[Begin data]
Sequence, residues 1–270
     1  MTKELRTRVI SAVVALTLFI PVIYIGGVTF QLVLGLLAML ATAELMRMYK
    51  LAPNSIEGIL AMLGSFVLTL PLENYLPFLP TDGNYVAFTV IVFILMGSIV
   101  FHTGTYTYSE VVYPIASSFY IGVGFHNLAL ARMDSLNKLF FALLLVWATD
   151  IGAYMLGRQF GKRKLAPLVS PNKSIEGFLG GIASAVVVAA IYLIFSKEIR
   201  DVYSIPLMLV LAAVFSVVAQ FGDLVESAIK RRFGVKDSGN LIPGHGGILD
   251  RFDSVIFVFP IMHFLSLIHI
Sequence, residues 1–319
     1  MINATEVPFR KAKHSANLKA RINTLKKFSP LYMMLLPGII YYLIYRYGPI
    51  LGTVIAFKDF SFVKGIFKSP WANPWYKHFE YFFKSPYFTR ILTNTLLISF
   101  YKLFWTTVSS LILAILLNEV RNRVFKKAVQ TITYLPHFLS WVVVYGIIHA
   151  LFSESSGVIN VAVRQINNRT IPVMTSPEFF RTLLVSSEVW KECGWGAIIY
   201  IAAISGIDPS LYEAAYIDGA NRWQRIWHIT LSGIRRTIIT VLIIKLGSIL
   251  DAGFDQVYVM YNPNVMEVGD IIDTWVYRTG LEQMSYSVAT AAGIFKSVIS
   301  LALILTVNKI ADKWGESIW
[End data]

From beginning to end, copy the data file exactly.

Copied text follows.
Sequence, residues 1–270
     1  MTKELRTRVI SAVVALTLFI PVIYIGGVTF QLVLGLLAML ATAELMRMYK
    51  LAPNSIEGIL AMLGSFVLTL PLENYLPFLP TDGNYVAFTV IVFILMGSIV
   101  FHTGTYTYSE VVYPIASSFY IGVGFHNLAL ARMDSLNKLF FALLLVWATD
   151  IGAYMLGRQF GKRKLAPLVS PNKSIEGFLG GIASAVVVAA IYLIFSKEIR
   201  DVYSIPLMLV LAAVFSVVAQ FGDLVESAIK RRFGVKDSGN LIPGHGGILD
   251  RFDSVIFVFP IMHFLSLIHI
Sequence, residues 1–319
     1  MINATEVPFR KAKHSANLKA RINTLKKFSP LYMMLLPGII YYLIYRYGPI
    51  LGTVIAFKDF SFVKGIFKSP WANPWYKHFE YFFKSPYFTR ILTNTLLISF
   101  YKLFWTTVSS LILAILLNEV RNRVFKKAVQ TITYLPHFLS WVVVYGIIHA
   151  LFSESSGVIN VAVRQINNRT IPVMTSPEFF RTLLVSSEVW KECGWGAIIY
   201  IAAISGIDPS LYEAAYIDGA NRWQRIWHIT LSGIRRTIIT VLIIKLGSIL
   251  DAGFDQVYVM YNPNVMEVGD IIDTWVYRTG LEQMSYSVAT AAGIFKSVIS
   301  LALILTVNKI ADKWGESIW